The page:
The espionage, sex, and family matters of the Cold War are back on your TV. Season two of The Americans—which airs 10 p.m. EST/PST on Wednesdays on FX—advances the saga of KGB officer Elizabeth Jennings (played by a terrific Keri Russell) and her husband and fellow Soviet spy, Philip (Matthew Rhys, the "Welshman who plays a Russian playing an American"). Their marriage was arranged by the KGB during the Khrushchev era, and the two live in an upper-middle-class neighborhood outside of Washington, DC, with their young daughter and son, in the early Reagan years. Oh, and their neighbor is an FBI counterintelligence agent.
The Americans is one of the best shows on television, and one thing that made the first season so good was its mining of Cold War history for intelligent suspense drama. The episode "In Control," which revolves around the attempted assassination of President Reagan (and the whereabouts of the nuclear football, and then-Secretary of State Alexander Haig's "I am in control here" quote), is wonderful. The first season also uses Reagan's budding "Star Wars" initiative in a story arc. Furthermore, Philip's (ongoing) second marriage to FBI secretary Martha Hanson (Alison Wright) is based on real-life instances of KGB agents marrying the secretaries of government officials to obtain information.
"We can't make the claim of teaching a history lesson, but it can be a springboard for learning about the fascinating real history," says Joe Weisberg, the creator of The Americans who also happens to be a CIA veteran.
And this year, the series prominently incorporates two major episodes in Cold War history. In an early scene in the season's opening episode, "Comrades" (which aired in late February), Philip poses as an American spook and meets with two Afghans in Virginia. The two men are in town to secure funding and support for the mujahideen during the Soviets' disastrous and devastating war in Afghanistan. After a brief chat, Philip shoots the Afghan freedom fighters and reminds them that "the KGB is everywhere."
Later in the season, Elizabeth comes to the aid of a panicked Nicaraguan agent working in Washington (her cover is that she's from Costa Rica). As Elizabeth leaves, she tells the agent that her country's Sandinista revolution was "beautiful" and that it served as a foothold in Central America for the Soviet Union.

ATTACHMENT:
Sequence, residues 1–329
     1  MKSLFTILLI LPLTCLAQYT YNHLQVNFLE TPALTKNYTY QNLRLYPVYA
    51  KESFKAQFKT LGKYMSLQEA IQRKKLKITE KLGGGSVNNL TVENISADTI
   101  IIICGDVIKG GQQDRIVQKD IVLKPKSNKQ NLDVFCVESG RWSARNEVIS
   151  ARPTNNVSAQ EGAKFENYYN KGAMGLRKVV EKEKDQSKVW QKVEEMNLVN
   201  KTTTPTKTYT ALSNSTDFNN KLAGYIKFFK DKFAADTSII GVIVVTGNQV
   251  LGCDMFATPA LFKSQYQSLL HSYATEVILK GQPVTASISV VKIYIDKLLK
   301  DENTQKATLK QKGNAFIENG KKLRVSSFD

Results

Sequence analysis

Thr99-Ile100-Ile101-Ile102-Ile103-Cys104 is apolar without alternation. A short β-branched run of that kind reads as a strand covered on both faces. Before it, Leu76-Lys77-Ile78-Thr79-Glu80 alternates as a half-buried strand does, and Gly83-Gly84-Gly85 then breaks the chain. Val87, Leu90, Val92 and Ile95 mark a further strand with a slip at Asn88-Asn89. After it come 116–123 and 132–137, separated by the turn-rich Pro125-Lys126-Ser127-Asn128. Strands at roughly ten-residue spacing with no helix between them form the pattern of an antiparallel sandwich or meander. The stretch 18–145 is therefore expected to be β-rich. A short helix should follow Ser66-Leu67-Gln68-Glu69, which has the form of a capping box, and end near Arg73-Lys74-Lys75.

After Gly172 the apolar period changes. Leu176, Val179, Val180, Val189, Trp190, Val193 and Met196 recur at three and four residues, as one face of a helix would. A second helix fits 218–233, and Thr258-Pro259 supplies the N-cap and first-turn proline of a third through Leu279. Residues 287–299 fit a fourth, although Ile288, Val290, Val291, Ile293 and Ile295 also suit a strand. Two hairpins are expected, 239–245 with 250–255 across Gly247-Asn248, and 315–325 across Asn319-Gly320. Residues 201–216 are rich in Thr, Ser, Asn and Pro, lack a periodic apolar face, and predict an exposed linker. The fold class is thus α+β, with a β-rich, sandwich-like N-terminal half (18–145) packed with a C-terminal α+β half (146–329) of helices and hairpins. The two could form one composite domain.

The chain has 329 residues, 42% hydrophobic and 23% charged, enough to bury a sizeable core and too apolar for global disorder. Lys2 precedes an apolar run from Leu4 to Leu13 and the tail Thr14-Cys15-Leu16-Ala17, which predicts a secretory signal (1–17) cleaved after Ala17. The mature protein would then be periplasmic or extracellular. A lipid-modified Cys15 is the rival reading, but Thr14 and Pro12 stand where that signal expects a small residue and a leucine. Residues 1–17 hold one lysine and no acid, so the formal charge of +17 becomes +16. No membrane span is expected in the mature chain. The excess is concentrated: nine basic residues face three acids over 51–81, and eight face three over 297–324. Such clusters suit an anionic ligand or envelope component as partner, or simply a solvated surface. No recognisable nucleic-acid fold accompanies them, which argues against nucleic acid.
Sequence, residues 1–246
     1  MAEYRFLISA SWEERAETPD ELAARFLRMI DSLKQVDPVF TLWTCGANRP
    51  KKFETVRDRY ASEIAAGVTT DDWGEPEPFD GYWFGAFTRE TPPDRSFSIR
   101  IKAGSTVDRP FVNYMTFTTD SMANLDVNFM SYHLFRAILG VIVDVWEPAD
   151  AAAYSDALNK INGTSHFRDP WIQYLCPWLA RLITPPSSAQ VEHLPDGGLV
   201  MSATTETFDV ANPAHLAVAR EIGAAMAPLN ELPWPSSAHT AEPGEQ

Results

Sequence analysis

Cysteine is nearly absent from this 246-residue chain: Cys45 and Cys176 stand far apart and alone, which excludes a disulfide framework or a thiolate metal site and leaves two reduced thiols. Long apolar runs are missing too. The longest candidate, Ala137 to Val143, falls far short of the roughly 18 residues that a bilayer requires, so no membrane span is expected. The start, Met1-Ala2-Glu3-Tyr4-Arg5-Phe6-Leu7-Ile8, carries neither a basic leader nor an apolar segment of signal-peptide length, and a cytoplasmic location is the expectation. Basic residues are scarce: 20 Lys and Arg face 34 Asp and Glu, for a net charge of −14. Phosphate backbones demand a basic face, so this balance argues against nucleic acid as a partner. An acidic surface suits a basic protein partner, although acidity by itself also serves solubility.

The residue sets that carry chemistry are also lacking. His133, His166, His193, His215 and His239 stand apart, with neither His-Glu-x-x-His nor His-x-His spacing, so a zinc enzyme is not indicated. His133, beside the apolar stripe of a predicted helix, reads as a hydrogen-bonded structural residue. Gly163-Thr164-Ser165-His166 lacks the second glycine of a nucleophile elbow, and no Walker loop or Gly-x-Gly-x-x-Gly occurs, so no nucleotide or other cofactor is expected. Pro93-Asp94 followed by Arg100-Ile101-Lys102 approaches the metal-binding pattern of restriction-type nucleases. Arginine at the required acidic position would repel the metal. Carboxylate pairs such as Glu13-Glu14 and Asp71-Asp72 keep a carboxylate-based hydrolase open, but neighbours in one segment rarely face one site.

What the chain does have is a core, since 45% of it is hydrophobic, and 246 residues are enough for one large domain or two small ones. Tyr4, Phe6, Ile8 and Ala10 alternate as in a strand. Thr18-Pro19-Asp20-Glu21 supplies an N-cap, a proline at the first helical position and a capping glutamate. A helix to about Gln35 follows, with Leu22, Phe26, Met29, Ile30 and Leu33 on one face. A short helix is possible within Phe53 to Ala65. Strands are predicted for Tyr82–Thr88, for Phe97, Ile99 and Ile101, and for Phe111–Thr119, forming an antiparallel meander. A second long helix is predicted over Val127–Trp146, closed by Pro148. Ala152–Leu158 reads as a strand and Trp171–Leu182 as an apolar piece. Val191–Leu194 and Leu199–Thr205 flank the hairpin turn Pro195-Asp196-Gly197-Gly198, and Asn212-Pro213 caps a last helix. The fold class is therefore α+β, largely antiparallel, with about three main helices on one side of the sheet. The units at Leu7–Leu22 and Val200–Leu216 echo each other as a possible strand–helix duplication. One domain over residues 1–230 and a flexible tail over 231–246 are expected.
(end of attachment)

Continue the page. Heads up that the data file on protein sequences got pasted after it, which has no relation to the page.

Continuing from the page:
Weisberg says that these elements—Soviets in Afghanistan, US covert assistance to the mujahideen, Sandinistas, the Contras, the CIA, and the Reagan administration—will return, and help shape the second season. "We're in the early days of the Soviet war in Afghanistan, and the United States' not-so-covert action in that war—and that's definitely going to be a theme," Weisberg says.
"The Contra war in Nicaragua is going to be another theme," he continues. "I can't say too much, but [those two factors] will be closer to a frame for the season than just background."
This is all drawn from intensely controversial chapters in our history. But don't expect this season to deliver a strong condemnation of the politics of either side. The people running The Americans aren't here to refight the battles of the 20th century.
"For those who have not watched the show and wonder about rooting for the Soviets or rooting for the KGB, look, we know totalitarian socialism failed with the collapse of the Berlin Wall," says executive producer Joel Fields. "So we know what happens. This isn't at all about rooting for a government or ideology."
In truth, the show is far more about Elizabeth and Philip's marriage than spy games and international tensions. "Our show is political in the sense that characters are motivated by deep political convictions that they are willing to die for," Weisberg says. "But in terms of evaluating it in terms of liberal or conservative, it is absolutely apolitical. We don't feel those issue are interesting or relevant to the show."
Here's a teaser for season two of The Americans: